How to Make Stuffed Animals, Book Review

Blogged under Good Books,Sew Simple by Tammy on Monday 15 October 2012 at 5:23 am

In early September, I talked a little about a new book called How to Make Stuffed Animals: Modern, Simple Patterns and Instructions for 18 Projects, but I had not gotten a chance yet to take a complete look at the book other than the free download, which I offered then and again have for you linked here.

Now that I have the book in my hands, I can give you a little bit more info about it. As the title says, it includes 18 projects, all of which are small, adorable animals. The first part of the book before the projects section has the basics concerning what you will need to get started as far as supplies and also important information about the techniques. If you already sew, other than maybe needing to purchase some stuffing (the author prefers carded wool, but I think poly-fill would also work), you more than likely have most of what you will need. Plus since all the animals are pretty small, you don’t need tons of fabric and can probably use up scraps. In fact, one design element I really like is how she uses a mix of fabrics, even prints, for many of her project.

The techniques covered in the beginning section discuss some of the basics of sewing you need to know such as how to cut out a pattern correctly and how to do simple stitches like back stitch. At first I worried that maybe she expected you to hand stitch all of these animals, but the author explains how to use edge stitching on a machine. The hand stitching is really just for extra details and attaching parts together from what I can tell.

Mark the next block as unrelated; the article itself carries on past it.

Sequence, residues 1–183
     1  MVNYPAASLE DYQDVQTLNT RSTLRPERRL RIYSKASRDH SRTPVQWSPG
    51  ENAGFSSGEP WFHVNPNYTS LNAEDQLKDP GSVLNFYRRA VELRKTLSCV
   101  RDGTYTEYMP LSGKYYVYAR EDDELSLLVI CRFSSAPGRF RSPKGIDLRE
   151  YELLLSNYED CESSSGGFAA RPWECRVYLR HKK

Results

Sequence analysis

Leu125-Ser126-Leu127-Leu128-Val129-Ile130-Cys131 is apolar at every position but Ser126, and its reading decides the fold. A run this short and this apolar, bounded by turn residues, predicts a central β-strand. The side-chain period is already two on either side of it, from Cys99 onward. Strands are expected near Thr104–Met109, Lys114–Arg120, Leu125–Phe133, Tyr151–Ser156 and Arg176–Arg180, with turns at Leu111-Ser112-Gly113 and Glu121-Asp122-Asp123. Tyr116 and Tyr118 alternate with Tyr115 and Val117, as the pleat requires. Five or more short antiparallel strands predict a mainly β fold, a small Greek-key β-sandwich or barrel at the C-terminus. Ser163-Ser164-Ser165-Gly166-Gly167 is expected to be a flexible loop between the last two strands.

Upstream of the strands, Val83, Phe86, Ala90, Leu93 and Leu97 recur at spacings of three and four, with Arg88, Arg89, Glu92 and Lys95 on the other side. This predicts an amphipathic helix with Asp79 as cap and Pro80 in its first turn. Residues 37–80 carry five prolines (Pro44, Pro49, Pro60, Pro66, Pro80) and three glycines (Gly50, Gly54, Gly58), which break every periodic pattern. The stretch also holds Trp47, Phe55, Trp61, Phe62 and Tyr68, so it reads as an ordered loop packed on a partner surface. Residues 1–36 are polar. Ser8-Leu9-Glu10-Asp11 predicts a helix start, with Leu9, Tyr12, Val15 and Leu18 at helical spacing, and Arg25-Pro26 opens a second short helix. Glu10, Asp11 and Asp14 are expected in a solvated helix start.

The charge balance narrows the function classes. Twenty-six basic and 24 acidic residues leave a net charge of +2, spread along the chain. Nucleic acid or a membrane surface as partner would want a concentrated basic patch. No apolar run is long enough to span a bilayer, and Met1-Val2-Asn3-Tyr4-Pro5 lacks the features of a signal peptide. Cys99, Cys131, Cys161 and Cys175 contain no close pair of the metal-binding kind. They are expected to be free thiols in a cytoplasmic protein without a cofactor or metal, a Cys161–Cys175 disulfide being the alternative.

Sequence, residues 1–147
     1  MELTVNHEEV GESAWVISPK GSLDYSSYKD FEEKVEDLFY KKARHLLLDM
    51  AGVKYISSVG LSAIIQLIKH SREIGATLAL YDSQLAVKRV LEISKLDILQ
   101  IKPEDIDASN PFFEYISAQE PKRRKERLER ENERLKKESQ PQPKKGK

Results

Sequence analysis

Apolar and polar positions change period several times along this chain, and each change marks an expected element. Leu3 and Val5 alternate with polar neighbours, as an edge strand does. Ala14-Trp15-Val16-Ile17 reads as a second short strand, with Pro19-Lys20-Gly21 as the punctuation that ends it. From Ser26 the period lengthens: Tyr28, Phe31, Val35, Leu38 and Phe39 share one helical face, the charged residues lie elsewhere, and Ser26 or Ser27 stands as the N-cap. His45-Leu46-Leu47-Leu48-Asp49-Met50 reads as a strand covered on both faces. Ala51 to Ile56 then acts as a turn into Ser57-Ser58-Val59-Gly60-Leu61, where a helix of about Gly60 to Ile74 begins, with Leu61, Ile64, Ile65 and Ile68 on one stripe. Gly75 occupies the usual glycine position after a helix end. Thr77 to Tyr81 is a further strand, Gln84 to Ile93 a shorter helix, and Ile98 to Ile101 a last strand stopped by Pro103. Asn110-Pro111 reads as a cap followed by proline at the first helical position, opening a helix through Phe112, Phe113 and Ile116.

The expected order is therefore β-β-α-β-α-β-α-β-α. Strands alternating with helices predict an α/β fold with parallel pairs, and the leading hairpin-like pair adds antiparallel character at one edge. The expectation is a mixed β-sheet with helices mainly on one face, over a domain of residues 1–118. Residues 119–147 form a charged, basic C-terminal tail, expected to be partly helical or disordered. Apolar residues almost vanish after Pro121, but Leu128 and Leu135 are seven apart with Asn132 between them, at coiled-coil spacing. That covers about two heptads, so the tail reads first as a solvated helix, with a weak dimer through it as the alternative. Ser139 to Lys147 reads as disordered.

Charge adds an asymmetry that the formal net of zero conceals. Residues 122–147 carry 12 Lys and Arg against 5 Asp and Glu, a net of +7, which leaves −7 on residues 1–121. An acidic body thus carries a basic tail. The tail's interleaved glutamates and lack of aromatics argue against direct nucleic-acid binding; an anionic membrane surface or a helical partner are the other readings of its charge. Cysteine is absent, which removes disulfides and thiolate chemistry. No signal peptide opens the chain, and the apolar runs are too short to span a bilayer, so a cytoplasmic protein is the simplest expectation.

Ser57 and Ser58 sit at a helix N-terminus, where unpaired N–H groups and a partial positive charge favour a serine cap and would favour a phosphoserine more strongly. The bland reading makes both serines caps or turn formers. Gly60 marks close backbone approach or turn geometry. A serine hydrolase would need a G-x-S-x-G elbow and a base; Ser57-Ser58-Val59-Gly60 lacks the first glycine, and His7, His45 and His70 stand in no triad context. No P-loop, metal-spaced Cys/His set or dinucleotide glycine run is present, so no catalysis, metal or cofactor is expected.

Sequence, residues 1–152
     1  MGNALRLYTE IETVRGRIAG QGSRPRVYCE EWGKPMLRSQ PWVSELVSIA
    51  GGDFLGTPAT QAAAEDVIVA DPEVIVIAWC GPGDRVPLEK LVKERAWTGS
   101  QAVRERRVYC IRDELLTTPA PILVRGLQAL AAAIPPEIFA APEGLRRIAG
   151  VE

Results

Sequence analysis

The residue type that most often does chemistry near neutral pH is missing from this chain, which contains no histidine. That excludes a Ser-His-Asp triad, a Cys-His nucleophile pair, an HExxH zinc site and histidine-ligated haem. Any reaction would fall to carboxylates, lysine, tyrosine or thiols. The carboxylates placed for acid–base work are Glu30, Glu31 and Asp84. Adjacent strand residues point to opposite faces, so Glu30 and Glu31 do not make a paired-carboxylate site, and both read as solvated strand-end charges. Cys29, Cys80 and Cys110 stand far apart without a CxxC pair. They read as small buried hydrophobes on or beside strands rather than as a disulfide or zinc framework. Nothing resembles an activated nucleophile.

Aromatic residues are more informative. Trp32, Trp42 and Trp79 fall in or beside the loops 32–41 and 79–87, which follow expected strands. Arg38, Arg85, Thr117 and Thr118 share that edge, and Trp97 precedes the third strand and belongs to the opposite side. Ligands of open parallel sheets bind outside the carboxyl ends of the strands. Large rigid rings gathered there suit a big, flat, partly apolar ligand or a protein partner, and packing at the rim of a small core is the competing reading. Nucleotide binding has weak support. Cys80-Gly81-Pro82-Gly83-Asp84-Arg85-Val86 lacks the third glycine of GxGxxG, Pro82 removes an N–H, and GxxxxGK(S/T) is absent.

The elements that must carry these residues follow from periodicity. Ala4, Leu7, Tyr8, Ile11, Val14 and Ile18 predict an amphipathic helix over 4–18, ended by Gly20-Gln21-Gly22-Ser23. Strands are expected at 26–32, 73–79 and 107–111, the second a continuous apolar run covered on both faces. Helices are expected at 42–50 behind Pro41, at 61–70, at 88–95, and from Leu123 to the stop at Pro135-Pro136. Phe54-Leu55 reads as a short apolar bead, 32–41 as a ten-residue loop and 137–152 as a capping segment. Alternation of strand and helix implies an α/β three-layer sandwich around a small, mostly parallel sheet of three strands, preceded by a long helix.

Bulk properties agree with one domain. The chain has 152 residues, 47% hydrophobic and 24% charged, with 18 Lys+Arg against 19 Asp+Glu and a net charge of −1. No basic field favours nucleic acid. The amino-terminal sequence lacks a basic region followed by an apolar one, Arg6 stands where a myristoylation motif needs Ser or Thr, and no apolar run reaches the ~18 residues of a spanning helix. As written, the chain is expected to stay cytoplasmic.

The projects are all freaking adorable! Each project has step by step instructions and include some pretty detailed illustrations to go with the text. (Again, download the file linked above so you can see for yourself). Though the book is about making stuffed animals, some of the projects take this a step further and show different ways for using them such as attaching them to a mobile or turning them into a tree ornament. At the end of the book, all of the patterns are included and require that you photocopy them at 200% and then cut them out.

This book retails for $24.99 US; $16.99 UK; and $27.99 CAN. At the US price, that equates to $1.39 per pattern, which is pretty economical. As with any small toy type craft items, these look like that can be “fiddly” to make. Personally, I don’t mind that myself, but I know some crafters who can get exasperated with making and attaching small pieces together (like arms and legs), so if you are anti-fiddly, then this is not a book for you. None of these patterns look overly difficult for anyone with sewing experience. If you already sew and are looking for some ultra cute gift ideas, this book would something to consider. Someone totally new to sewing might struggle a little, but that is the nature of learning a new craft. At least with small projects like this, newbies would not need to invest a ton of money or time.

Got a Ho! A Sock That Is!

Blogged under Projects in Progress by Tammy on Sunday 14 October 2012 at 4:37 pm



Sock # 1 is done! It is not perfect, and it was a bruise-braining process, but not only do I have one sock done, it actually fits my foot!

Now onto sock #2!

FYI: HO = Half-Finished Object

Crafty Link Time

Blogged under Around the Web by Tammy on Sunday 14 October 2012 at 12:13 pm

About Family Crafts
Drop by the Family Crafts site and play along with the new craft challenge! This challenge is all about making scarecrows.

Eileen – The Artful Crafter
Check out The Artful Crafter’s Halloween Parade of Craft Projects.

Mixed Media Artist
Cyndi shares how she made the sequined quilt for Sequintastic September.

Paper Covered Pumpkins With Poetry
Cherie adds old pages and poetry to a Dollar Store pumpkin.

Stefanie Girard’s Sweater Surgery
See how to carve a maple leaf rubber stamp from an eraser.

Never Too Much Yarn

Blogged under Charity Crafting,Yada, Yada, Yada by Tammy on Saturday 13 October 2012 at 12:29 pm